Drake; Or, the Transfer of the Trident: A National Drama
"Drake; or, the Transfer of the Trident" by William MacOubrey. Published by Good Press. Good Press publishes a wide range of titles that encompasses every genre. From well-known classics & literary fiction and non-fiction to forgotten?or yet undiscovered gems?of world literature, we issue the books that need to be read. Each Good Press edition has been meticulously edited and formatted to boost readability for all e-readers and devices. Our goal is to produce eBooks that are user-friendly and accessible to everyone in a high-quality digital format.
Drake’s Great Armada
"[...] NARRATIVE MAINLY BY CAPTAIN WALTER BIGGS A Summary and True Discourse of Sir Francis Drake's West Indian Voyage, begun in the year 1585. Wherein were taken the cities of Santiago, Santo Domingo, Carthagena, and the town of St. Augustine, in Florida. Published by Master Thomas Cates. This worthy knight, for the service of his prince and country, having prepared his whole fleet, and gotten them down to Plymouth, in Devonshire, to the number of five and twenty sail of ships and pinnaces, and having assembled of soldiers and mariners to the number of 2,300 in the whole, embarked them and himself at Plymouth aforesaid, the 12th day of September, 1585, being accompanied with these men of name and charge which hereafter follow: Master Christopher Carlile, Lieutenant-General, a man of long experience in the wars as well by sea as land, who had formerly carried high offices in both kinds in many[...]".
Francis Drake and the California Indians, 1579
"Francis Drake and the California Indians, 1579" by Robert F. Heizer. Published by Good Press. Good Press publishes a wide range of titles that encompasses every genre. From well-known classics & literary fiction and non-fiction to forgotten?or yet undiscovered gems?of world literature, we issue the books that need to be read. Each Good Press edition has been meticulously edited and formatted to boost readability for all e-readers and devices. Our goal is to produce eBooks that are user-friendly and accessible to everyone in a high-quality digital format.
In the Days of Drake: Large Print
In the whole history of the English people there is no period so absolutely heroic, so full of enthralling interest, as that in which the might of England made itself apparent by land and sea--the period which saw good Queen Bess mistress of English hearts and Englishmen and sovereign of the great beginnings which have come to such a magnificent fruition under Victoria.
Sir Francis Drake Revived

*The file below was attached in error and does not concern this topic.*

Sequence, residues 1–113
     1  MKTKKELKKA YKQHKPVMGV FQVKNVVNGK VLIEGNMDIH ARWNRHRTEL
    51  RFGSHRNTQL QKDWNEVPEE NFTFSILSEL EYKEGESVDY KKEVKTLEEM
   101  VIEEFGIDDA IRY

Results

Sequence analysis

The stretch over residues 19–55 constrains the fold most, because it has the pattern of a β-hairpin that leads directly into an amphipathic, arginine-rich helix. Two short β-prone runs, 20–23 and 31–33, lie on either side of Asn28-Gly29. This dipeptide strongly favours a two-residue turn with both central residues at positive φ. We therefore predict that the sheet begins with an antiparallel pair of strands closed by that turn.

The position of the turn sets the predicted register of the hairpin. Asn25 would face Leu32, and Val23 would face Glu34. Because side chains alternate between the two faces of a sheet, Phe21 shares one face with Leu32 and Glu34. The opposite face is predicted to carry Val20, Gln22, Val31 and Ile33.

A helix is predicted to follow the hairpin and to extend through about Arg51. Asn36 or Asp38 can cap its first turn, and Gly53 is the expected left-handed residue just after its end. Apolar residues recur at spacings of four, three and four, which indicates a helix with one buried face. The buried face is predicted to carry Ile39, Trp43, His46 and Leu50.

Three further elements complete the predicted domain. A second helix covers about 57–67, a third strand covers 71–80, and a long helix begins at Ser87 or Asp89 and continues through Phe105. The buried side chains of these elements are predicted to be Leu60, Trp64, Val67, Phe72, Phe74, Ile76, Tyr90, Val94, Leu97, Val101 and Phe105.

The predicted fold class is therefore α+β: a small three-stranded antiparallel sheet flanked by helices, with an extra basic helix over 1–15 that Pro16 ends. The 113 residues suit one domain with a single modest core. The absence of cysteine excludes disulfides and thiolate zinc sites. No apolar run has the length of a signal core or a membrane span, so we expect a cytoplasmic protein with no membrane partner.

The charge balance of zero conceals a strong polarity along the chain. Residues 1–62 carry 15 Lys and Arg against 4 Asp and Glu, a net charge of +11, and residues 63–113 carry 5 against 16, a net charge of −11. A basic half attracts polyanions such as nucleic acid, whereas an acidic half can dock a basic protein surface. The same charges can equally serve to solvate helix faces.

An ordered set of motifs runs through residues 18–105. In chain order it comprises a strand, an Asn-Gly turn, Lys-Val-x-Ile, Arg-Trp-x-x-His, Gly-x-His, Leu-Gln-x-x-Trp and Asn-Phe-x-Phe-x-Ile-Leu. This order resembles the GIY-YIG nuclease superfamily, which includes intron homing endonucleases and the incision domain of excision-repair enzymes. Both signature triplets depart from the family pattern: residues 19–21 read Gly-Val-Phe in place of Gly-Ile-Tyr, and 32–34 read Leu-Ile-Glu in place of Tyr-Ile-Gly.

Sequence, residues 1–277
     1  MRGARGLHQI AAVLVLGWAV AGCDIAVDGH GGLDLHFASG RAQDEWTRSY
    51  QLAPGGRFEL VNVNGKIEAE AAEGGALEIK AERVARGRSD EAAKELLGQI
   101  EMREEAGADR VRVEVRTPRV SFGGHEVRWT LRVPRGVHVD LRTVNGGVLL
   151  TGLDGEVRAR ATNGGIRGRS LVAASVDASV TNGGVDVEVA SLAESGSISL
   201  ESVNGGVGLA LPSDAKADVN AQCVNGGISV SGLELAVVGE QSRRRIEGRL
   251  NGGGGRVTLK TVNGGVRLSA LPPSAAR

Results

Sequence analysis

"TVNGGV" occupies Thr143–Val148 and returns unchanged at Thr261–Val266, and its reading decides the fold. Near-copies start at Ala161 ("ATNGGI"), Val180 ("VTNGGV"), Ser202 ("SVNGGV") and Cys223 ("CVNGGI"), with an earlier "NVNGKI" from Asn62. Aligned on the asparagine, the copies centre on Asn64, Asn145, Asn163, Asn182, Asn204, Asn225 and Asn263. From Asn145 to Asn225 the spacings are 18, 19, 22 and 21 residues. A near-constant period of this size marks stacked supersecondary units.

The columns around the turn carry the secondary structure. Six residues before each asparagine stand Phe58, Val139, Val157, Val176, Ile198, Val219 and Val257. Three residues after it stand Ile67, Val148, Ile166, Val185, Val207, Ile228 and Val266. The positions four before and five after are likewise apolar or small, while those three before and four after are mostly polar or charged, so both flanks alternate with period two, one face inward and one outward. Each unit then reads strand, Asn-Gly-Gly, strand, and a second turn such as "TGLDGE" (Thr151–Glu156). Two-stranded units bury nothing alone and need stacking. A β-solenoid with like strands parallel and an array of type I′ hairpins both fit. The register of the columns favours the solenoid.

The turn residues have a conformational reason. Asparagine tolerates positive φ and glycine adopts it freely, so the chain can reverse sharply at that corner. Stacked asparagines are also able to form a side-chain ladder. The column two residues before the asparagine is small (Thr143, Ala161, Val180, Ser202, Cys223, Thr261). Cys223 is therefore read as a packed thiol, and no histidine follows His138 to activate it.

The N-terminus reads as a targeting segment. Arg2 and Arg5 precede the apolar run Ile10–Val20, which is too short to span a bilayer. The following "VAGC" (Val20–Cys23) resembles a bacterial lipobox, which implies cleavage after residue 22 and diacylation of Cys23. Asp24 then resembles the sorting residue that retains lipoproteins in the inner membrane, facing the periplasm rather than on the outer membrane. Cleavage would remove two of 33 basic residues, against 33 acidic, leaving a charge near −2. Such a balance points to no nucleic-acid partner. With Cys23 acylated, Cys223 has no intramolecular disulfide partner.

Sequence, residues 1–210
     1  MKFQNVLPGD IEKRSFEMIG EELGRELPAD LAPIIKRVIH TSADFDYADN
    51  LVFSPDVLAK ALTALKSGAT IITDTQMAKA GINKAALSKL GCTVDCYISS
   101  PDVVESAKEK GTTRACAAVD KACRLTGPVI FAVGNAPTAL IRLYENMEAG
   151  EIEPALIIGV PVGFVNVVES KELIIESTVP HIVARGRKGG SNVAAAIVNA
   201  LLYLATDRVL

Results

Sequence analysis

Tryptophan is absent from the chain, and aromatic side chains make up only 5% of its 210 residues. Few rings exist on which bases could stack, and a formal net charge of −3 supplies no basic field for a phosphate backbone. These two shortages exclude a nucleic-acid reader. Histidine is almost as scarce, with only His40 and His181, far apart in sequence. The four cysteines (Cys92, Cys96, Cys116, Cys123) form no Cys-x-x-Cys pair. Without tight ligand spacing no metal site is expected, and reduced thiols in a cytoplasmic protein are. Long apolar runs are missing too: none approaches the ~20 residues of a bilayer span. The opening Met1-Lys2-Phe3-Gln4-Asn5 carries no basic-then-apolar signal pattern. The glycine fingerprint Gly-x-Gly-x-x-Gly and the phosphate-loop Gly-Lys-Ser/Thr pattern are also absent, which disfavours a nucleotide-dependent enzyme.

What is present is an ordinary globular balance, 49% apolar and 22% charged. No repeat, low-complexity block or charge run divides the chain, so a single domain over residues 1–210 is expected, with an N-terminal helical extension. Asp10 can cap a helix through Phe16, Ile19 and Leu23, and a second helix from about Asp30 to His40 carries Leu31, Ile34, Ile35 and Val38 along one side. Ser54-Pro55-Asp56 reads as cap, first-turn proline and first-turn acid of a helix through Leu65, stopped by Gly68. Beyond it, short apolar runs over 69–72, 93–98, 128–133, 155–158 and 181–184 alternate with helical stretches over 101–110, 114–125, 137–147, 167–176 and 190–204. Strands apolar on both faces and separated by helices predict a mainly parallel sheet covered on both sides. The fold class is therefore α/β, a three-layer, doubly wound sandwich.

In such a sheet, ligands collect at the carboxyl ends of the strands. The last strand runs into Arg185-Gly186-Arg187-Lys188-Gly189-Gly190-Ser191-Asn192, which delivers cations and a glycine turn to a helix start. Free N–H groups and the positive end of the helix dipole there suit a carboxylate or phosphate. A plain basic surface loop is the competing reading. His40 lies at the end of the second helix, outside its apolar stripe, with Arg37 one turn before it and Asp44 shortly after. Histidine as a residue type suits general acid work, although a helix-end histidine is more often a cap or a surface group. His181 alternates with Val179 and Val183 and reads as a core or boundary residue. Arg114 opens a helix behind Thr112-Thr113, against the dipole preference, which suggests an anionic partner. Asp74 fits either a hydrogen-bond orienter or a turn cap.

Sir Francis Drake, the greatest of the naval adventurers of England of the time of Elizabeth, was born in Devonshire about 1540. He went to sea early, was sailing to the Spanish Main by 1565, and commanded a ship under Hawkins in an expedition that was overwhelmed by the Spaniards in 1567. Sir Francis Drake (1540 - 28 January 1596) was an English sea captain, slave trader, and privateer of the Elizabethan era. Drake carried out the second circumnavigation of the world in a single expedition, from 1577 to 1580, and was the first to complete the voyage as captain while leading the expedition throughout the entire circumnavigation. With his incursion into the Pacific Ocean, he claimed what is now California for the English and inaugurated an era of conflict with the Spanish on the western coast of the Americas, an area that had previously been largely unexplored by western shipping. Elizabeth I awarded Drake a knighthood in 1581. As a Vice Admiral, he was second-in-command of the English fleet in the battle against the Spanish Armada in 1588. He died of dysentery in January 1596, after unsuccessfully attacking San Juan, Puerto Rico. Drake's exploits made him a hero to the English, but his privateering led the Spanish to brand him a pirate, known to them as El Draque. King Philip II allegedly offered a reward for his capture or death of 20,000 ducats about ?6 million (US$8 million) in modern currency. Francis Drake was born in Tavistock, Devon, England. Although his birth date is not formally recorded, it is known that he was born while the Six Articles were in force. His birth date is estimated from contemporary sources such as: "Drake was two and twenty when he obtained the command of the Judith" (1566). This would date his birth to 1544. A date of c.1540 is suggested from two portraits: one a miniature painted by Nicholas Hilliard in 1581 when he was allegedly 42, so born circa 1539, while the other, painted in 1594 when he was said to be 53, would give a birth year of around 1541. He was the eldest of the twelve sons of Edmund Drake (1518-1585), a Protestant farmer, and his wife Mary Mylwaye. The first son was alleged to have been named after his godfather Francis Russell, 2nd Earl of Bedford. Because of religious persecution during the Prayer Book Rebellion in 1549, the Drake family fled from Devonshire into Kent. There Drake's father obtained an appointment to minister the men in the King's Navy. He was ordained deacon and was made vicar of Upnor Church on the Medway. Francis Drake's father apprenticed him to his neighbour, the master of a barque used for coastal trade transporting merchandise to France. The ship's master was so satisfied with the young Francis Drake's conduct that, being unmarried and childless at his death, he bequeathed the barque to Drake.